When Christy and Joe Davenport are handed the keys to Number 40 on picture-perfect Lime Park Road, Christy knows it should be a dream come true. How strange though that the house was on the market for such a low price. That the previous owners, the Frasers, had renovated the entire property yet moved out within a year. That none of the neighbours will talk to Christy.
As her curiosity begins to give way to obsession, Christy finds herself drawn deeper into the mystery of the house’s previous occupants – and the dark and shocking secret
that tore the street apart . . .”
Oh wow, guys. Oh wow. I just finished “The Sudden Departure of the Frasiers” by Louise Candlish, and I have an intense need to talk about it. Let’s go.
First off, I only bought this book because of the beautiful, beautiful cover design. Why are Penguin books always so amazingly gorgeous? I promise, I didn’t even read any sort of description, I just grabbed the book and left. Also, it is probably worth noting that I had never heard of Louise Candlish before, so I had no idea what I was in for. Blind dating – level Librophilée.
To be fair, as soon as I started reading, I quickly realized that Candlish had struck a nerve with me. I am a sucker for those perfect-suburbia-oh-wait-they-aren’t-perfect-after-all kind of stories. Delving into Lime Park Road was just for me.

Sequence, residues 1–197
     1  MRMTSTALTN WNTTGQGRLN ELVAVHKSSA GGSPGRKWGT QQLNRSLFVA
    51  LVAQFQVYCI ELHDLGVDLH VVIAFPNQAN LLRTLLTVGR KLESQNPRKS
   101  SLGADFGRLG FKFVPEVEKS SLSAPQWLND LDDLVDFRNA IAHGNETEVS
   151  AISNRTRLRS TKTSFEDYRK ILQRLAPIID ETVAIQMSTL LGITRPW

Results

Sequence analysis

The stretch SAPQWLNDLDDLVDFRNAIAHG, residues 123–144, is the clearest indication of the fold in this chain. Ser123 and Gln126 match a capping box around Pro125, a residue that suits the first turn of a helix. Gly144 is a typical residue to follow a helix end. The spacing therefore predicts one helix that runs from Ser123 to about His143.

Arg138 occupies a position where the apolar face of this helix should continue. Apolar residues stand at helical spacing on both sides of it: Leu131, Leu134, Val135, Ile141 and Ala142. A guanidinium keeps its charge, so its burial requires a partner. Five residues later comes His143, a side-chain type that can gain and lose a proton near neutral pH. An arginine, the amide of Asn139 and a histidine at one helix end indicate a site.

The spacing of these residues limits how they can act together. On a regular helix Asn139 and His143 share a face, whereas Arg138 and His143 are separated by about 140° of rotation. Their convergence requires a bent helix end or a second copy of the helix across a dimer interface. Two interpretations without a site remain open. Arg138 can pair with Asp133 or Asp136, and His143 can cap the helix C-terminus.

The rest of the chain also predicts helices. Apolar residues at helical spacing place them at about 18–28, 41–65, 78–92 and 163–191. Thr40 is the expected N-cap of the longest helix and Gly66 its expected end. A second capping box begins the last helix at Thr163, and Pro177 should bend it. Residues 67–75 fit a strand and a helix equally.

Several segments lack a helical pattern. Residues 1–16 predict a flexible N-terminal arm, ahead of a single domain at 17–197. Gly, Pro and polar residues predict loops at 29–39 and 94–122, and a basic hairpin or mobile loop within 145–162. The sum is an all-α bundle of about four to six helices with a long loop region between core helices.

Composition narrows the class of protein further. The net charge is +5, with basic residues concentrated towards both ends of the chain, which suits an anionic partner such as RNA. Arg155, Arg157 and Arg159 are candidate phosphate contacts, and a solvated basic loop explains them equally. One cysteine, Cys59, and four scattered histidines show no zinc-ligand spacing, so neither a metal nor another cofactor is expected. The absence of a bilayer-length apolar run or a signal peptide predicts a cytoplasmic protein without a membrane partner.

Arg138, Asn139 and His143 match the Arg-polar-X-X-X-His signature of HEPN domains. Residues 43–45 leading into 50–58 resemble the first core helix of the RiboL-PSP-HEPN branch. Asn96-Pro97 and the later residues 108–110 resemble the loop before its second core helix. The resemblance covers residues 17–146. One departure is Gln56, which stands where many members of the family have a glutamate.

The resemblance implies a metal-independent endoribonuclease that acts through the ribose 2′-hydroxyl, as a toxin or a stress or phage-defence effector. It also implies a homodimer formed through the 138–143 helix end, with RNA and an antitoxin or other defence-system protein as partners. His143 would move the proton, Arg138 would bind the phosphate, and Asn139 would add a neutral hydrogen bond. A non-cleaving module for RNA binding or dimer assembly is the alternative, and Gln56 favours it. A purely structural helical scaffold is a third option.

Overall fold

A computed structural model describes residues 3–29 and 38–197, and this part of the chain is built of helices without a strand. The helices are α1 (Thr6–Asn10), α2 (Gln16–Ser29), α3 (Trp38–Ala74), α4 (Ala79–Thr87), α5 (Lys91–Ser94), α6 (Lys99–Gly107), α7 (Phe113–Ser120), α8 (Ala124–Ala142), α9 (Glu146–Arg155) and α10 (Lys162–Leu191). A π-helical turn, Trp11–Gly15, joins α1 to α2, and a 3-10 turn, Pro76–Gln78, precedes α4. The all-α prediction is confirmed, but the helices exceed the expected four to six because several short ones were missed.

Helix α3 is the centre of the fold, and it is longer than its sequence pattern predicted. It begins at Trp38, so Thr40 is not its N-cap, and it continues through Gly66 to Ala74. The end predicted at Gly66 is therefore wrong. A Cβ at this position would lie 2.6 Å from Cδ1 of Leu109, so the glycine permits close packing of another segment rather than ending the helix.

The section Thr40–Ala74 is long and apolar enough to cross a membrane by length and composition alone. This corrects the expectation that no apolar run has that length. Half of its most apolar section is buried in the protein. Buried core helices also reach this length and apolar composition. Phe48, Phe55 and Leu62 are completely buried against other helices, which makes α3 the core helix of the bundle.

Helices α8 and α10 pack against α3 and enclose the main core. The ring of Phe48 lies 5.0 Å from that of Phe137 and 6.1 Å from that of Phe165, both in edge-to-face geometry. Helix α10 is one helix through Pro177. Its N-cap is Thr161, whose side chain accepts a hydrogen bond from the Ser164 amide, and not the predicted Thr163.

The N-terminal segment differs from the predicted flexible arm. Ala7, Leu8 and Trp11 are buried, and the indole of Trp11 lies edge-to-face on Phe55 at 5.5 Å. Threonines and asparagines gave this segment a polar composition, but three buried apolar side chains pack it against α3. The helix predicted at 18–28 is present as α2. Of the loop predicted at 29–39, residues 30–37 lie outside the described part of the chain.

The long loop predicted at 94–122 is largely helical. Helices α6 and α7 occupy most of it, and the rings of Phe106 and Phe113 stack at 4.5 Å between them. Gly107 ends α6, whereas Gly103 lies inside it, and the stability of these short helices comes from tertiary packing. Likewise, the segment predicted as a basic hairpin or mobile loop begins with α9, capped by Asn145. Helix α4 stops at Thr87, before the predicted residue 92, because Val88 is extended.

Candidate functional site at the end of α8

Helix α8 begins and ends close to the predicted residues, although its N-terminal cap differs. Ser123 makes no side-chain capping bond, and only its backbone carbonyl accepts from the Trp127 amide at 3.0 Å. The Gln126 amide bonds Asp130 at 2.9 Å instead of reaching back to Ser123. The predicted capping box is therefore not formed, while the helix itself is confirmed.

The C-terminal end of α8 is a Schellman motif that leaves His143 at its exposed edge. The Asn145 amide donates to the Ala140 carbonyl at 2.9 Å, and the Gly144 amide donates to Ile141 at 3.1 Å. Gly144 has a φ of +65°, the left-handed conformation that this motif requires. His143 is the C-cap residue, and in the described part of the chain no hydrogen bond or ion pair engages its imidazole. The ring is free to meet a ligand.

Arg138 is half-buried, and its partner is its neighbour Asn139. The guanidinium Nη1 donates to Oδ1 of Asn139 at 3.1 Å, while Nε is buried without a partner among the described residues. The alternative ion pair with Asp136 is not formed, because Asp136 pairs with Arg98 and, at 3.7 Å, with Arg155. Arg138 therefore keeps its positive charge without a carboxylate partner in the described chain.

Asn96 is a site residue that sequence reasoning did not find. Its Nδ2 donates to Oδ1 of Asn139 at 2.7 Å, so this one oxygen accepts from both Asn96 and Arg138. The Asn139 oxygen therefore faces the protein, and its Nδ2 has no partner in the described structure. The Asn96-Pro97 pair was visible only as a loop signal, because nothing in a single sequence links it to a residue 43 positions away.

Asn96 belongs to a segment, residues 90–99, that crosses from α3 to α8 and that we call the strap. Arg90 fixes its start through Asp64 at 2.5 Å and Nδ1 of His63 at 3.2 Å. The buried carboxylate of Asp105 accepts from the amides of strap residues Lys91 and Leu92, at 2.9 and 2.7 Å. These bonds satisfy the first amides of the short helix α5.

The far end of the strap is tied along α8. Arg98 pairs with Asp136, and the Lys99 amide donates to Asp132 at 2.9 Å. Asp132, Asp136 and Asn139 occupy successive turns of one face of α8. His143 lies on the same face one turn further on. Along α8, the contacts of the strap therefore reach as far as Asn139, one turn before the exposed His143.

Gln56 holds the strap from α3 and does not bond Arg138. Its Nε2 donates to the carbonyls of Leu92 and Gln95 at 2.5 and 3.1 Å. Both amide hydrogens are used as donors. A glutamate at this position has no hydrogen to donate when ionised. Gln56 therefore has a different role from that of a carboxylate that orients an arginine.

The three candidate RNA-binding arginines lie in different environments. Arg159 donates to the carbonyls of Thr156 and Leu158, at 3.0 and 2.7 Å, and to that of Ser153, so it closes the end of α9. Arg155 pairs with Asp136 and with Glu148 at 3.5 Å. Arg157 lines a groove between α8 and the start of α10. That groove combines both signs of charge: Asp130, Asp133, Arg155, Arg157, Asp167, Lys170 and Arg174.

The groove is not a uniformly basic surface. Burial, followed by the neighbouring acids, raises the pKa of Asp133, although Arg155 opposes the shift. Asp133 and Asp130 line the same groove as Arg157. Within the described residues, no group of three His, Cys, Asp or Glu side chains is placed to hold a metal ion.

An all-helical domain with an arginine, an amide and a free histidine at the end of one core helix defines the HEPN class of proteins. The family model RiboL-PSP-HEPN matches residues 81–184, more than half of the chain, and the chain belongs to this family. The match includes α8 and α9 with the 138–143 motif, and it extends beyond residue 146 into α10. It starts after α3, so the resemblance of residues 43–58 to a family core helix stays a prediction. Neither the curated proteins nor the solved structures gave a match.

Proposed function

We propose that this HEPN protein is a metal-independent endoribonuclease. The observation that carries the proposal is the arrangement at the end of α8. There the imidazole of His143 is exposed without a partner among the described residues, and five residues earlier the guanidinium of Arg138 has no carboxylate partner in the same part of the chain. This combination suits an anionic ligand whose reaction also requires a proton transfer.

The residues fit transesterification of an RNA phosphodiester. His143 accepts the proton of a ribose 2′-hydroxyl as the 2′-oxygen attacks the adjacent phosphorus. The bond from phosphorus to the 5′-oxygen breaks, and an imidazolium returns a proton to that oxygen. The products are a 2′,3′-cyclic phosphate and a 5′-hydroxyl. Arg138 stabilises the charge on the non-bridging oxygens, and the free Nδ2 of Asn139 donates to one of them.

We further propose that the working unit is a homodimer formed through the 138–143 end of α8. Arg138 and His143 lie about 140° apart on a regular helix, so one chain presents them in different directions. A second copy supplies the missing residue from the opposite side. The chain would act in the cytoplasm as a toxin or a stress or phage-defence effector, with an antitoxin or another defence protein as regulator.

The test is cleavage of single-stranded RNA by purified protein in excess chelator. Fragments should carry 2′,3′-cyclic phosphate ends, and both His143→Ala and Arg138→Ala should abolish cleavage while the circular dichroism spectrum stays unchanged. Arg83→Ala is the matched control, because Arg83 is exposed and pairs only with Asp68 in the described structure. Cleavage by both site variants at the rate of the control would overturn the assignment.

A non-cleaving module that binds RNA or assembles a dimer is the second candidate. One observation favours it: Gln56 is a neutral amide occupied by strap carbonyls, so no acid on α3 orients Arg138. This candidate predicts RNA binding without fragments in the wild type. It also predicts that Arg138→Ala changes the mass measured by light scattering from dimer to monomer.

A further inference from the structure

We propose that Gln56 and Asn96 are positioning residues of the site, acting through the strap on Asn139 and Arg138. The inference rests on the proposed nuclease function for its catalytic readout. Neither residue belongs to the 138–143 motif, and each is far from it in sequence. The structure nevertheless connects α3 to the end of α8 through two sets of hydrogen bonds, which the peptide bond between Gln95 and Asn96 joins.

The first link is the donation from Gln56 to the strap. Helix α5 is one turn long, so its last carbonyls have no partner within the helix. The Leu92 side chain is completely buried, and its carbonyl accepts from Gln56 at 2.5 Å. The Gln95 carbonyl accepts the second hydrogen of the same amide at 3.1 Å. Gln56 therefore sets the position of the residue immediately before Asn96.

Let’s start with what I liked most: Amber. Specifically, I loved the way Candlish made me dislike Amber, how she turned her into a wonderfully multidimensional character – and how I felt myself get more agitated every time Amber lived up to her character traits. Generally speaking, I was very fond of all of the characters (not necessarily on a personal level, but much more on a story telling level).
I had really hoped for a bit more depth with the protagonist Christy; however, I feel like I am complaining on very high grounds here. Christy seemed like a likeable & relatable character – probably a tad too much, for my liking.
Unfortunately, about half way through the book, I had already an idea about how the ending would turn out and even less fortunate, I was right – so the ending underwhelmed me a bit, as I saw it coming wide and clear. Some of the clues that were dropped just pointed me in the right direction and I really hoped for that one plot twist that would prove me wrong and surprise me – unfortunately, the plot twist never came.
Let’s be clear here – Louise Candlish kept me wonderfully entertained. “The Sudden Departure of the Frasiers” is definitely a page turner, and even though I had hoped for a different ending, I still genuinely liked the book. I felt that the writing was very harmonizing, no loose threads kept bothering me and yes, albeit grumpy, I arranged myself with the ending.
Generally speaking, if you are a fan of Gillian Flynn and/or Diane Chamberlain, you will probably love this book as much as I did. Even if you are not, I would still recommend you to get a cup of tea (ice tea will do in this burning heat), make yourself comfortable and take a stroll into Lime Park Road. Just make sure nobody watches you as you leave.